Also, it shows just how badly we need real, rapid transit here. This got the highest possible rating, and just two stations adds 70,000 riders to the line. This is basically the cheapest transportation project attempted in recent memory in this area. At fully one-tenth the cost of widening I-405, this will add more than more than 25% as much people-moving capacity..

Senator Murray keeps light-rail moving

Another update on getting Link to the University of Washington this evening as State Senator Patty Murray continues her efforts to secure FY 2008 light rail funding.


Sound Transit today lauded Washington Sen. Patty Murray for her efforts to secure $94 million in FY 2008 light rail funding, including $24 million for the University Link light rail extension and $70 million toward completing light rail from downtown Seattle to the airport. The funding is part of a key Congressional funding bill now headed for the White House

This is great news as it ensures that Link continues it’s progress on the 3.15 mile long extension to the University of Washington. It’s just a shame tunnel boring is so bloody slow. Construction will start next year with a completion around 2015 and testing will have the line open for service in 2016. Sound Transit is opting to only use one tunnel boring machine, the Emerald Mole, that is currently boring the second 4,000 foot long Beacon Hill tunnel which is scheduled to come out of the tunnel next month. If a second one was purchased for University Link, the system could open in 2011 but that would double the cost of the operation.

Stepping Back from the Ledge

Well, that stunk.

I sincerely hope that left-wing Roads & Transit opponents are correct, and that transit will come back soon and pass. I’m skeptical, but we’ll see.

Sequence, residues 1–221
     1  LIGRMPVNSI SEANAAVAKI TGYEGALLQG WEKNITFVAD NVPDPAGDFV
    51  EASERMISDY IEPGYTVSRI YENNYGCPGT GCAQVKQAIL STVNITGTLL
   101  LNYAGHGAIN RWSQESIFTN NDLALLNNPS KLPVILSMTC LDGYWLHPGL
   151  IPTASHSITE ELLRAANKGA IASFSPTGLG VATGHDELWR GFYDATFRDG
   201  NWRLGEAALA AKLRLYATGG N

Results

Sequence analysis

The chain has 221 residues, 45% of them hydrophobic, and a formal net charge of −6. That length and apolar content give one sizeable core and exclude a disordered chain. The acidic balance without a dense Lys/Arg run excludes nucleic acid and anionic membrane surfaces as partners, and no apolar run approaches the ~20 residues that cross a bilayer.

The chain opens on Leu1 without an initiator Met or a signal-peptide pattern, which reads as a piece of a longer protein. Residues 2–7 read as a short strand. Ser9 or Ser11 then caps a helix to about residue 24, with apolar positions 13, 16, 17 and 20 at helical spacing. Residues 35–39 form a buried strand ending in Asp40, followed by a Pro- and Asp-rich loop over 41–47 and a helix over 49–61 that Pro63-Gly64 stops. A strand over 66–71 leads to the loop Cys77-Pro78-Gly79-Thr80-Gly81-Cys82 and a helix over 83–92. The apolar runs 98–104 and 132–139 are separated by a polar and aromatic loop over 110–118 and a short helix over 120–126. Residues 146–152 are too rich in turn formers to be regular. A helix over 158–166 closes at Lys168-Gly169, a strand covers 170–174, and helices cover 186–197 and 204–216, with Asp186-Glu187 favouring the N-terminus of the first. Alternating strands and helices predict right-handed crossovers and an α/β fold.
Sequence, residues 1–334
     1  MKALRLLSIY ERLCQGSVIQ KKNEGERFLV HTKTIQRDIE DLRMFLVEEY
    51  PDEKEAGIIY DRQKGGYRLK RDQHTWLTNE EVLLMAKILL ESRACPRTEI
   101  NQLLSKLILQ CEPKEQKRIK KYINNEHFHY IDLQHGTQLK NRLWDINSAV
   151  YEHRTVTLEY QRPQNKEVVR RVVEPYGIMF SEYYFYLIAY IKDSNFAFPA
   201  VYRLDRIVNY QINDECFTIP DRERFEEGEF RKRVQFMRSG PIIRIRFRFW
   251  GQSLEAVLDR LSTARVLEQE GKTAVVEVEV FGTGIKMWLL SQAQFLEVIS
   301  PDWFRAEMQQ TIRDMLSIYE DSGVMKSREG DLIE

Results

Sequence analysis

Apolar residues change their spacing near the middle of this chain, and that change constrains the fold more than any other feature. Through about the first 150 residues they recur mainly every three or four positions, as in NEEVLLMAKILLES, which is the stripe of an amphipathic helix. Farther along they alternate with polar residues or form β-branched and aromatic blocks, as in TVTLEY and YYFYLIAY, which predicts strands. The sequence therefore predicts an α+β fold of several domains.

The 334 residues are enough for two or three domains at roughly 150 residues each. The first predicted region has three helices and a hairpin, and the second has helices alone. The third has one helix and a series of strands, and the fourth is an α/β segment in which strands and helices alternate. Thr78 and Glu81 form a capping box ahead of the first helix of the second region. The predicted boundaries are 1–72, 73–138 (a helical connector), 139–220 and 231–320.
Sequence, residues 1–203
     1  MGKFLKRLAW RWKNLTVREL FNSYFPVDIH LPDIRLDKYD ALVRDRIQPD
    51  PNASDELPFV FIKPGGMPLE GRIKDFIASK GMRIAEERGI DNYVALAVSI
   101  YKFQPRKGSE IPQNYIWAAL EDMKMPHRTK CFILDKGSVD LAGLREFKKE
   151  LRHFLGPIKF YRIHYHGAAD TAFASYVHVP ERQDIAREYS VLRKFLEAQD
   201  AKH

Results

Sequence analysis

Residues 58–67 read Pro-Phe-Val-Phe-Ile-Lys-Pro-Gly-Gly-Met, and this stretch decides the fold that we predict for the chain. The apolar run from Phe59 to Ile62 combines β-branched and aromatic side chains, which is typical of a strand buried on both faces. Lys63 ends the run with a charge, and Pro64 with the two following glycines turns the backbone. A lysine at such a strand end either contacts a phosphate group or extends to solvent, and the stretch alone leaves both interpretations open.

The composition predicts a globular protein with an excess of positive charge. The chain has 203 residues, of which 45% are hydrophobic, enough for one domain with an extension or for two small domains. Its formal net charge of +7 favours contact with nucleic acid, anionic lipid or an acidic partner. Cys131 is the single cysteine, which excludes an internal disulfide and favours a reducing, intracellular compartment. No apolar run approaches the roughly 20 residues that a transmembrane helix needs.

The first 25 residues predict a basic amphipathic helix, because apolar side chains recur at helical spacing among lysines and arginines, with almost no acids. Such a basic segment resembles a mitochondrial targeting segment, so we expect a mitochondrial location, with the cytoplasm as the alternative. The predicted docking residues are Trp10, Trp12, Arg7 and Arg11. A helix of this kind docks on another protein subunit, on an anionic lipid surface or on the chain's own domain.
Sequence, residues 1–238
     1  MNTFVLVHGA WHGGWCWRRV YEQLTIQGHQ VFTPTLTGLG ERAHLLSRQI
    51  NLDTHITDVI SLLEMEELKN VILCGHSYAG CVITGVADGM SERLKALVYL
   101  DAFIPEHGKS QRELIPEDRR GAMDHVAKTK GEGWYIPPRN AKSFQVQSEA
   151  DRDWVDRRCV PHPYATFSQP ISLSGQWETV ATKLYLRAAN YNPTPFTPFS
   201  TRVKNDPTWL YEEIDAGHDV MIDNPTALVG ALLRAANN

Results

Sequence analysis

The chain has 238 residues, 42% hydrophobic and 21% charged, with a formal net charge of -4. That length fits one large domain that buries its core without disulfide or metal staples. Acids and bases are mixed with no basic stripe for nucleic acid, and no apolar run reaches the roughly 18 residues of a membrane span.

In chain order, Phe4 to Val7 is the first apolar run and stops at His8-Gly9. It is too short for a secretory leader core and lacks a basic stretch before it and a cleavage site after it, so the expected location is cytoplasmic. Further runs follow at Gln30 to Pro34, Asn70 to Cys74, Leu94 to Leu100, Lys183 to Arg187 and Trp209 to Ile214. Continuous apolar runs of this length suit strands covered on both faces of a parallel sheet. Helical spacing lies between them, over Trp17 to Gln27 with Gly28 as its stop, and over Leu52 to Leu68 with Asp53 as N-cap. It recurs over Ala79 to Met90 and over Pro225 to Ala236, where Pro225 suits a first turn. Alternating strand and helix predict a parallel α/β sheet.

Regardless, we will at least have light rail from Downtown to the Airport in 2009, and that can only help to build support for transit, although it means delivery of less rail, later, for more money.

In the meantime, as Seattle transit supporters, what should be our priorities over the next few years? Here’s my layman’s stab at a list:

1) Scrutinize (and probably oppose) “governance reform.” This is usually code for scrapping Sound Transit and replacing it with some other agency to oversee transit. Although in principle there are almost certainly governance structures superior to the current one, in reality it’s virtually certain that any replacement will spend its first years mired in mismanagement and incompetence (see: Sound Transit, 1996-2001; Seattle Monorail Project). That’s not what we need as the University LINK project comes close to getting seriously started.

2) Protect University LINK. The light rail line from downtown to Husky Stadium is supposedly all set to open in 2016. However, not one spade of Earth has yet been turned, nasty financial and engineering surprises are no doubt ahead, and God knows what legal and other challenges are lurking in the wake of the Prop. 1 failure.

This segment has the highest ridership projection of all, and the clearest time advantage for rail. An 8-minute travel time easily outclasses any conceivable alternative, including a streetcar. We must remain vigilant about this project. Like the airport, the University provides all-day traffic demand that justifies non-peak operation.

3) Get to Northgate. We must find the $1.2 billion (2006 dollars) to get to Northgate. This is the obvious terminus for southbound commuters to get on the line, and will increase the exposure of light rail that is critical to future expansion. Ideally, this would be part of a reduced regional package, but even if Seattle alone must fund it, it’s “only” $4,300 per household spread over many years — a lot, but not backbreaking.

4) Get to Bellevue. The two bridges are the most obvious chokepoint in the region. Getting to downtown Bellevue at least allows connection to the “RapidRide” BRT service that will continue to Overlake. Not optimal, but something we can accomplish. The high-end cost estimate is $2.2 billion, something that will probably require at least King County to fund. Paging Senator Murray…

5) “A Thousand Little Things.” There are lots of little things we can do that cost little compared to these mega-projects: streetcar extensions, bus lanes, arterial fixes, etc. These generally occur at the municipal level. A lot of these are being discussed on earlier threads. Expanding Sounder park-and-rides is another inexpensive capacity increase.

UPDATE: A point I should have made more clear is that there is zero chance a package involving these points would pass the three county district: there is literally nothing in it for Pierce and Snohomish Counties. To move forward, we probably need to restrict the taxing authority to the city of Seattle or King County.